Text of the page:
of common positions, identification of opportunities for common action, recognizing successes, evolving a best practice approach, and systematically involving people in the day to day affairs of the communities they live in.  That is what we are trying to do at the Bibliotheca Alexandrina.

 

 

4.  BUILDING DEMOCRACY FOR

THE MUSLIM PEOPLES

 

I head an institution dedicated to the pursuit of knowledge and the promotion of dialogue and understanding, between cultures and within cultures.  We confront the currents of obscurantism, fanaticism and xenophobia with a steely determination to uphold the values we hold dear, among which are the respect for human rights, rationality, the maintenance of a civil discourse and the promotion of personal freedoms, especially the freedom of expression.  These are the basic building blocks of democratic systems.

 

Today, “Democracy” has been adopted as a slogan by almost any group anywhere.  Few, however, are ready to practice it!

 

The Meaning of Democracy

 

Democracy is a political system that is based on a number of principles that have come to be widely, but not universally, accepted.  My own list of what constitutes democracy is:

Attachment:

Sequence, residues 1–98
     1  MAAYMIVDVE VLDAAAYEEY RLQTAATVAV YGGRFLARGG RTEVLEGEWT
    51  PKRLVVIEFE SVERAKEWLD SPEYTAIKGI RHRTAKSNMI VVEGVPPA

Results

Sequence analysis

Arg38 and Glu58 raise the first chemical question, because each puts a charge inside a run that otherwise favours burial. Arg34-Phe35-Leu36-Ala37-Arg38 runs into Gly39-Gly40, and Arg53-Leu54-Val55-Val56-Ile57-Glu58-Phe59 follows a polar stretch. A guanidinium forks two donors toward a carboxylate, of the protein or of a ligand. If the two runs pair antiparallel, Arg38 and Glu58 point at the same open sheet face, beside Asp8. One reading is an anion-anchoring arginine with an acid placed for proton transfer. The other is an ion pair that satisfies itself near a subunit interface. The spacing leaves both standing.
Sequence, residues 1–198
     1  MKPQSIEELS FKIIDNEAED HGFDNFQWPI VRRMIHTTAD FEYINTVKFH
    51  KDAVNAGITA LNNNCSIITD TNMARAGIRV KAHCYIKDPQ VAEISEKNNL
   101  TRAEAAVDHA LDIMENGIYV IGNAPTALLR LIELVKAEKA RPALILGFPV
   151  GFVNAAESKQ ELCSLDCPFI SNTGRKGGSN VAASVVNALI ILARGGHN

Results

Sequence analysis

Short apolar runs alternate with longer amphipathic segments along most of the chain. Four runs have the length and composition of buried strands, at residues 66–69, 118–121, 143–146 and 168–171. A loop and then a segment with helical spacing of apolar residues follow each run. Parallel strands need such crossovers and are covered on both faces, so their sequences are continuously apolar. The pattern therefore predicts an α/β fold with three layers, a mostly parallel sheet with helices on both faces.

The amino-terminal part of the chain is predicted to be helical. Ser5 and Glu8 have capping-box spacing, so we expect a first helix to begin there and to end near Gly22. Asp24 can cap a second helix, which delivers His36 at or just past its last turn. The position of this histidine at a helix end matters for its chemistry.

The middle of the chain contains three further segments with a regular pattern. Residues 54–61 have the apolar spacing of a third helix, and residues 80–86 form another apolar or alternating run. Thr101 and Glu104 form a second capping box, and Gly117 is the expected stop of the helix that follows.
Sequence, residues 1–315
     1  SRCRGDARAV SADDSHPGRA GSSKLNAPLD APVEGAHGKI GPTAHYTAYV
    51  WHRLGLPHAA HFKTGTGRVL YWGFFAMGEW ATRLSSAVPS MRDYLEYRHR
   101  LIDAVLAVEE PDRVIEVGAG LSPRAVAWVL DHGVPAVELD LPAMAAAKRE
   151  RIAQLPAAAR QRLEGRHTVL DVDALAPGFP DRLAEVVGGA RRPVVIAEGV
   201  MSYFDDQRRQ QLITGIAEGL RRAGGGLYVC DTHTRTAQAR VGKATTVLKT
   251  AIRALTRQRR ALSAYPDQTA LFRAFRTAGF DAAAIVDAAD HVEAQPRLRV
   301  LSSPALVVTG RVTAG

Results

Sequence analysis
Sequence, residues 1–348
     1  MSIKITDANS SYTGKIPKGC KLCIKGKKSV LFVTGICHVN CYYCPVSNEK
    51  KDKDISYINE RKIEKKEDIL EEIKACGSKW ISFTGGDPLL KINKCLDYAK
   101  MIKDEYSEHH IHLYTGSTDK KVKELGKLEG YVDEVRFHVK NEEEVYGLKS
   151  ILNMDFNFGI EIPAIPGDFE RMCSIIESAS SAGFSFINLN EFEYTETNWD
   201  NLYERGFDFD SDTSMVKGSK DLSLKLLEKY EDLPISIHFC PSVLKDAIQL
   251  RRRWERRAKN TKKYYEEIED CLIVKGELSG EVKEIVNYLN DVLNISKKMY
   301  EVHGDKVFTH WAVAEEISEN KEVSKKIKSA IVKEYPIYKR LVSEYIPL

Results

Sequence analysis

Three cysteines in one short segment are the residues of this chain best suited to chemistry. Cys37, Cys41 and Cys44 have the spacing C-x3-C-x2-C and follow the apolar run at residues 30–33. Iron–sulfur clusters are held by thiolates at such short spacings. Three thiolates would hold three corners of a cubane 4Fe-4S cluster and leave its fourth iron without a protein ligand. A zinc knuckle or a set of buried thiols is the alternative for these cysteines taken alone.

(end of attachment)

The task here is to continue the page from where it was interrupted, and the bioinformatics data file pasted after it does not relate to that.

       The legitimacy of government comes from the consent of the governed: periodically reaffirmed through elections or referendums

 

       Majority rules, but guarantees for minorities from the tyranny of the majority

 

       A bill of rights that guarantees fundamental freedoms of the citizen from the power of government, including but not limited to:  Franklin D. Rossevelt’s four freedoms: Freedom of thought and expression, freedom of religion, freedom from want, freedom from fear (negative rights and positive rights and their treatment)

 

       The rule of law, with all it requires in terms of a constitution as supreme law of the land, and an independent judiciary

 

       Equality before the law and due process for all

 

       Checks and balances on the abuse of power, best achieved by the separation of powers, and a vigorous free press

 

       Institutional Pluralism, be it in multiple political parties or civil society institutions

 

       Transparency, accountability, free flow of information

 

       Participation

 

Doubtless we can all go on and on..

 

But Democracy is a system of governance which not only guarantees individual rights and freedoms for all citizens, be they in the minority or in the majority, it is a system that ensures that the minority view is heard before decisions are made.  It is a system whose lifeblood is participation by as many as possible, not just in terms of extending the franchise and legally giving universal suffrage, but participation in everyday affairs at the local level, with a vibrant civil society and a vigorous press.

 

But systems of governance are not born perfect. They are built by the exercise of political participation and the experience

of defining the boundaries of the acceptable.

Democratic systems seldom come into being full blown.